This theme of the corruption of art led me to reflect on how something like the above might be achieved by the powers of evil in the world today but on a much wider, societal scale. The idea came to me that perhaps what Satan really wants out of this whole Coronavirus saga is a huge symbolic triumph. He knows that the symbolic level is the most important of all. It cuts far deeper than the political and social levels. So what if he was able to engineer a complete rewriting of human spiritual and cultural history, symbolised perhaps by a reworking of Michelangelo's Last Judgment, with some characters erased so that everyone on the canvas can be socially distanced and with all of them wearing masks?

It sounds far-fetched, I know, but what more potent, long-lasting and deeply Orwellian way could there be of embedding and encoding the 'new normal' into our minds?  

'We have always been at war with Eastasia. There was never a time when we were not at war with Eastasia.'

'We have always worn masks. There was never a time when we did not wear masks. There will never be a time when we do not wear masks.'

Another way in which Lewis has been prescient this year is with regards to this never-ending wave of riots and protests, particularly in America but in Britain and Europe as well to an extent. What especially concerns me is how these protests have often seemed to involve the desecration of churches and statues of Our Lord and the saints. I'm thinking especially of a statue of Our Lady which was recently decapitated in Canada. There have been plenty more statues which have met the same fate during the last few weeks. No-one has been hurt, defenders of this lunacy will say, but that's not the point. The symbolism, again, is everything, and this level of hatred and animosity is clearly a prelude to people getting hurt anyway.

On one level the whole thing seems completely bizarre and pointless. What responsibility does Christianity have for the death of George Floyd? None. But if we look at things from a demonic point of view it might be exactly this 'slippage' into attacks on Christian symbols that is the whole aim of the exercise. This is the direction, quite possibly - almost definitely,  I'm inclined to say - in which the situation is being guided.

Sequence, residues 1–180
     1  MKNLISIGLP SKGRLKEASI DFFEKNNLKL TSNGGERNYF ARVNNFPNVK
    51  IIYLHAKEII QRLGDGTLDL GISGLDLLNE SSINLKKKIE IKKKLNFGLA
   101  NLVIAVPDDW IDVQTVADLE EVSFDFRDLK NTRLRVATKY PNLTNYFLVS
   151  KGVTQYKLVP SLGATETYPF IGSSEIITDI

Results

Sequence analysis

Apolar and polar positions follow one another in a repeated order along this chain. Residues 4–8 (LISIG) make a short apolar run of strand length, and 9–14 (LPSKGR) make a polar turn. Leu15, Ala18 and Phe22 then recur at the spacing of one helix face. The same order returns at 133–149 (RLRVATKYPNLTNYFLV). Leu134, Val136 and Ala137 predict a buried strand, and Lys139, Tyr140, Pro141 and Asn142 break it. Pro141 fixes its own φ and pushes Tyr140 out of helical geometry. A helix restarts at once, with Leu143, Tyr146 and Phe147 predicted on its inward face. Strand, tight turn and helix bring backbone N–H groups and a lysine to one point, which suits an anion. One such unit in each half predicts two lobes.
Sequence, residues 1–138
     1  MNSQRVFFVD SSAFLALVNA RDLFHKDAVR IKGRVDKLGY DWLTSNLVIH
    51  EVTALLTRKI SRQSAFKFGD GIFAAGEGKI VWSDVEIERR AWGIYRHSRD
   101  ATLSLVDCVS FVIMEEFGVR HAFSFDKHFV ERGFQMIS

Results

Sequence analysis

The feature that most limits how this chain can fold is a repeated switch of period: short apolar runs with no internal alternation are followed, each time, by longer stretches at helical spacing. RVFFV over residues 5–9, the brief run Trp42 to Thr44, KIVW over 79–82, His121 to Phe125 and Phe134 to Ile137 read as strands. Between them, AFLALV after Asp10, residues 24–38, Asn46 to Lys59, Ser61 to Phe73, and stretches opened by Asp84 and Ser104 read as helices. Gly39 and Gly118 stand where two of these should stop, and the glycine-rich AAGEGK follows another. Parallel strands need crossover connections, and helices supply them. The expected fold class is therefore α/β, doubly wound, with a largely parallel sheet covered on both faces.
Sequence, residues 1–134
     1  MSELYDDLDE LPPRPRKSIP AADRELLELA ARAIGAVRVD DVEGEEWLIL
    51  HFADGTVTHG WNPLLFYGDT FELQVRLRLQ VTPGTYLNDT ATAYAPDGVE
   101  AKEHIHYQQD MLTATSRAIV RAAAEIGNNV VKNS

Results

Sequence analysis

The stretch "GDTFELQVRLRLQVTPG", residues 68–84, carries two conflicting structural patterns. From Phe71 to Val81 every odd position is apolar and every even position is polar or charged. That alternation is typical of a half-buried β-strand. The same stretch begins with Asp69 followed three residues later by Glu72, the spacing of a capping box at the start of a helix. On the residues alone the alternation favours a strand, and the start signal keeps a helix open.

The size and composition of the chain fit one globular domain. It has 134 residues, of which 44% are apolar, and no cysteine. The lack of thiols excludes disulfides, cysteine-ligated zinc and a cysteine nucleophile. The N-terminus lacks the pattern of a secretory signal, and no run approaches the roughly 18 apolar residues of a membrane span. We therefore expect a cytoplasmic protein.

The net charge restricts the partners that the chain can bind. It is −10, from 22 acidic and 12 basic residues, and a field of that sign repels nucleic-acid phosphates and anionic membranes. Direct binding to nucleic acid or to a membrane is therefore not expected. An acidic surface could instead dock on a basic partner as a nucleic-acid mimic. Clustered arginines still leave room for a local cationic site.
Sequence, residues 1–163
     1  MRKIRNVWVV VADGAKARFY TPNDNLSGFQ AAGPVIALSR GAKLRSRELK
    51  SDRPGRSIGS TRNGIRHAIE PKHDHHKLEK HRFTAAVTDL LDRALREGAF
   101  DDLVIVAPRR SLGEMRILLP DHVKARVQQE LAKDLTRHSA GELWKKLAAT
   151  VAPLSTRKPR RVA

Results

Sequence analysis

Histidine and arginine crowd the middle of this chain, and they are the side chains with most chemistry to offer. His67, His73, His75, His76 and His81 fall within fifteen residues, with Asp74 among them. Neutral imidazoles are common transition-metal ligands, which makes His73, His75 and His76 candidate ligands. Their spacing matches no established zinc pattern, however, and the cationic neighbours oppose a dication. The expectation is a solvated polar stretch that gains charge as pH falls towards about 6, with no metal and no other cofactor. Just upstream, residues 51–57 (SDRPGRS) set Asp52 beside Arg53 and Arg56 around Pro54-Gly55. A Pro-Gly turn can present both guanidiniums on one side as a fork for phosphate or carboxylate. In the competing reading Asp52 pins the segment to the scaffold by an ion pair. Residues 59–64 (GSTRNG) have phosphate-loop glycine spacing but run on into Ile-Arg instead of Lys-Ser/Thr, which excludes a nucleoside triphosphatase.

When I look at the ongoing orgy of looting and destruction I'm reminded of the orgiastic frenzy surrounding the death of Aslan in The Lion, The Witch, and The Wardrobe:

'A great crowd of people were standing all round the Stone Table and though the moon was shining many of them carried torches which burned with evil-looking red flames and black smoke... Everyone was at him (Aslan) now. Those who had been afraid to come near him even after he was bound began to find their courage, and for a few minutes Susan and Lucy could not even see him - so thickly was he surrounded by the whole crowd of creatures kicking him, hitting him, spitting on him, jeering at him.'

We begin to see now the pincer-movement which Satan has so far successfully deployed in 2020. Rudlof Steiner saw the exact nature of how this works, with what he called a Luciferic point of attack on one side - lustful, violent, furious - and an Ahrimanic assault on the other - cold, bureaucratic, soul-destroying. Ahriman is more powerful than Lucifer. The latter is the former's 'useful idiot' and serves, often unknowingly, to advance Ahriman's ends.

So there we are. This is exactly the current situation, and it seems to me that Lewis flagged both aspects up in his fiction. It is important for us to be aware of this. Our counter-attack (and there must and will be one) will have to take place first of all on the spiritual level and it needs to be based on, dare I say it, this objective assessment of where we are and who is pulling the strings and why.